The President said he wanted to speak very candidly and to point out that Nasser, who was a strong and good man, was so strong that Egypt’s neighbors feared him and the possibility that he might be ex [Page 74] porting revolution. The President said he had the feeling that that was no longer the case and that Egypt was not thought of in that way. Mr. Ghanem agreed with the President, pointing out that Saudi Arabia used to fear that Egypt was exporting revolution but that they now welcomed Egyptian teachers to their land.

Mr. Ismail next moved to a discussion of peace in the Middle East. He pointed out that if Egypt were strong, the Middle East was strong, and that if Egypt were weak, the Middle East was weak. Egypt wants peace. It has had now a decade of almost constant military activity, but Egypt cannot accept peace at the expense of its sovereignty, territory, or pride. Egypt will not be humiliated and the Egyptian leadership would take no action for which its children would blame it in the future. Peace, said Mr. Ismail, must be as just as it is stable. Otherwise, it simply sows the seeds of another war. He said he noted with care the recent U.S. position; the President had declared a decade of peace. The President had brought peace to Vietnam and now was giving priority to the Middle East at the beginning of his second four years. The U.S. is an extremely important factor in the world and no peace in the Middle East is possible without U.S. participation. Time, said Mr. Ismail, is not on the side of peace, and he pointed out that just two days ago, 110 people (hostages) were shot down in cold blood. He compared this with the Egyptian diplomat in Bangkok who had rescued Israeli hostages at considerable risk.

The President said that Mr. Ismail had undoubtedly seen his statement on the recent tragedy and observed that no statement was adequate at such a time.3 He said he was very impressed that, despite this tragedy, Mr. Ismail had kept on with his trip. The President felt that showed real statesmanship. Mr. Ismail responded that before starting his recent journeys, the Egyptian leadership had felt that they were in a dangerous stage of confrontation with Israel. There were certain parties not in favor of peace and they would attempt to dynamite any efforts. Egypt was therefore prepared for provocative acts and prepared to continue its efforts.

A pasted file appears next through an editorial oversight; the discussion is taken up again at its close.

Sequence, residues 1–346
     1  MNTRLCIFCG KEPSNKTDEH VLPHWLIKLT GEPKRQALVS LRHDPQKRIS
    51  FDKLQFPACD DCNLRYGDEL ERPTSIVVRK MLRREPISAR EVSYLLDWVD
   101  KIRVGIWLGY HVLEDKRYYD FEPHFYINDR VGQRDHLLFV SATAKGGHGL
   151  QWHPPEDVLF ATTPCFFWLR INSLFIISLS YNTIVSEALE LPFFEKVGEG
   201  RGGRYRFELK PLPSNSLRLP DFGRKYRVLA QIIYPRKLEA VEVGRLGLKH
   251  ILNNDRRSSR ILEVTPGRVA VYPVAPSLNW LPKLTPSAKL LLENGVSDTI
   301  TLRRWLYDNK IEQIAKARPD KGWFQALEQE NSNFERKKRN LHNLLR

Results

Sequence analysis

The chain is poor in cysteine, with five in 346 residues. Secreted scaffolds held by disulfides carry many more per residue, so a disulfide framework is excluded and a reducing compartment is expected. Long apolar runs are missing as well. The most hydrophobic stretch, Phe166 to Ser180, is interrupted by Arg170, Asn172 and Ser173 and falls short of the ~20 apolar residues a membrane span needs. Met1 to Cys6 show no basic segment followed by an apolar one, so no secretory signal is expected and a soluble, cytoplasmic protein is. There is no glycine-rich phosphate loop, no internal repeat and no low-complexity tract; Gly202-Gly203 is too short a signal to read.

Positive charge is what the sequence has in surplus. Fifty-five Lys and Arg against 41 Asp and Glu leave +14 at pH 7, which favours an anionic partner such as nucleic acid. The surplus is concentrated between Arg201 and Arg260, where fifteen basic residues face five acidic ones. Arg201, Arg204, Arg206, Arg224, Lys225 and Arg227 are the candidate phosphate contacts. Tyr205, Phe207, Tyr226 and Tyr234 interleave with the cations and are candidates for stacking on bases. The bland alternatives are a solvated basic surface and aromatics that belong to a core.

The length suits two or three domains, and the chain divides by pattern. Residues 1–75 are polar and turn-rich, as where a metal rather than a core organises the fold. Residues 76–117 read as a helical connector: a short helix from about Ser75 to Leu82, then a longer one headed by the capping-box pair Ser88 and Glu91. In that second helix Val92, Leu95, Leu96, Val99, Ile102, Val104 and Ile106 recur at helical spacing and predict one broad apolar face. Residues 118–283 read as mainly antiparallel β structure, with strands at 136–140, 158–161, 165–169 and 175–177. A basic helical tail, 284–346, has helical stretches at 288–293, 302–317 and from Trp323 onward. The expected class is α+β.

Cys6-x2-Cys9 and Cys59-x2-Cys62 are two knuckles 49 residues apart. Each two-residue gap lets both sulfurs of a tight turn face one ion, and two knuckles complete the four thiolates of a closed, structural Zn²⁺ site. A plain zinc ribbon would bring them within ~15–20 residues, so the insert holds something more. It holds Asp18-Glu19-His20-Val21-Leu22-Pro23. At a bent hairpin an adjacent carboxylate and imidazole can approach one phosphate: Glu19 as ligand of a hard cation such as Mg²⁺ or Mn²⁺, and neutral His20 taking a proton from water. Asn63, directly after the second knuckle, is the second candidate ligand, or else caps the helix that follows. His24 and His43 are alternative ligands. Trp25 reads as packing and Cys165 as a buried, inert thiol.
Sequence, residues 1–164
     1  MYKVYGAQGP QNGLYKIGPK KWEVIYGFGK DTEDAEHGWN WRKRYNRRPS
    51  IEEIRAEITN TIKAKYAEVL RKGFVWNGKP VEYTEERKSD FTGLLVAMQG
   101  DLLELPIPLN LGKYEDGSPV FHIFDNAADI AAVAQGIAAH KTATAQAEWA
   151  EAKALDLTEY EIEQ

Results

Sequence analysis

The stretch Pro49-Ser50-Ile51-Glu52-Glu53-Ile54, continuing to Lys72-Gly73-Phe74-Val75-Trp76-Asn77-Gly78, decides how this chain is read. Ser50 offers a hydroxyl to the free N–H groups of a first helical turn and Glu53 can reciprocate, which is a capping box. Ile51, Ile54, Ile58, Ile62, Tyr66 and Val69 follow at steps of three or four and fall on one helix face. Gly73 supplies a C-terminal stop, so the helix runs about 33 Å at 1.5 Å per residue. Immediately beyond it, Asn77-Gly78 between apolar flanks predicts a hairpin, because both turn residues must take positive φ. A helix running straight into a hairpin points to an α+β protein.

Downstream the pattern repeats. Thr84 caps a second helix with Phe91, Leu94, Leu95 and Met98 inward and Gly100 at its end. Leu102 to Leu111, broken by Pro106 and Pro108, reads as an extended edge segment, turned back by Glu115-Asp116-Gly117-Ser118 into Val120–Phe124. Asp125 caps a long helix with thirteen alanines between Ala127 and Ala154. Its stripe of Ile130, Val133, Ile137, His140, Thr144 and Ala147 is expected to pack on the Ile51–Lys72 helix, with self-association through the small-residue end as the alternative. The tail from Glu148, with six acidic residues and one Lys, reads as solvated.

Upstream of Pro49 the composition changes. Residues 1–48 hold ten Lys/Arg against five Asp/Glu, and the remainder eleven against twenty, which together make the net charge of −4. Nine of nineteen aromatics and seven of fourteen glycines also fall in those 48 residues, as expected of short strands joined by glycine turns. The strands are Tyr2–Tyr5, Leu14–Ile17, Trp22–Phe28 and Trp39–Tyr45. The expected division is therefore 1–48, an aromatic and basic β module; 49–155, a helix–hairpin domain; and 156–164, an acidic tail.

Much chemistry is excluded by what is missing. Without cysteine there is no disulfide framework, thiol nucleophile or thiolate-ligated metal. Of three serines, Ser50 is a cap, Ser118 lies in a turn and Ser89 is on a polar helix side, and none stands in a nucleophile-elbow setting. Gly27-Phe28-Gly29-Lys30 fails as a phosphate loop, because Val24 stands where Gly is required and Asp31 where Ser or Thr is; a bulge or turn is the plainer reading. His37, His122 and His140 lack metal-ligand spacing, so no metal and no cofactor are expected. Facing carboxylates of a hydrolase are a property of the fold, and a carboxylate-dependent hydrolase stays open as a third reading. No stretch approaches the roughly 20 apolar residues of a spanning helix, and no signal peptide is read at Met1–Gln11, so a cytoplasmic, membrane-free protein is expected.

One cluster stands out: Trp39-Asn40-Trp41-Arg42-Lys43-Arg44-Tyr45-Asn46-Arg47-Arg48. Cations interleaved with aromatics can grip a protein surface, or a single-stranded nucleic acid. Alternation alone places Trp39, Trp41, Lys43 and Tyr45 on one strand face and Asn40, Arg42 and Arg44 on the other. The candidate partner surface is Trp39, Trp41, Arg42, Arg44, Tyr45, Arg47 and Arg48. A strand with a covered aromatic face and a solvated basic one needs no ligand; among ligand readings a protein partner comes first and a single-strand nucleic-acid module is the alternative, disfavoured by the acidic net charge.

Mr. Ismail next stated that 30 months of ceasefire was no reason for congratulations. The ceasefire was becoming a burden and a strain, and that it was necessary either to break it or to establish peace. He said that Egypt had not been at fault in obstructing peace, and that Egypt had accepted and itself proposed peace initiatives. Israel, he felt, did not want peace because it has not achieved its goals. It wishes to wait another 10 years until further immigration and its own efforts enable it to establish its position in the occupied areas. What helps Israel to persist in this po [Page 75] sition—the President interrupted and said he knew what the rest of the statement was going to be, that it was the support that the U.S. gives to Israel. He urged Mr. Ismail to be frank and to openly state that he felt that U.S. support was what made Israel intransigent. Mr. Ismail responded that Egypt did not understand the U.S. policy of balance of force. This policy permitted Israel to hold on to Egyptian land, and Egypt thought it was not a fair policy. At one time, the Soviet Union was in Egypt, but the Soviet Union has now left and Egypt saw no further genuine motive for its support of Israel. Mr. Ismail said he was not suggesting that the U.S. could stop that support tomorrow, but it was time for the U.S. to begin a shift toward Egypt in the Middle East and to readjust accordingly its relationship with Israel. Otherwise, said Mr. Ismail, how can we move toward our goals?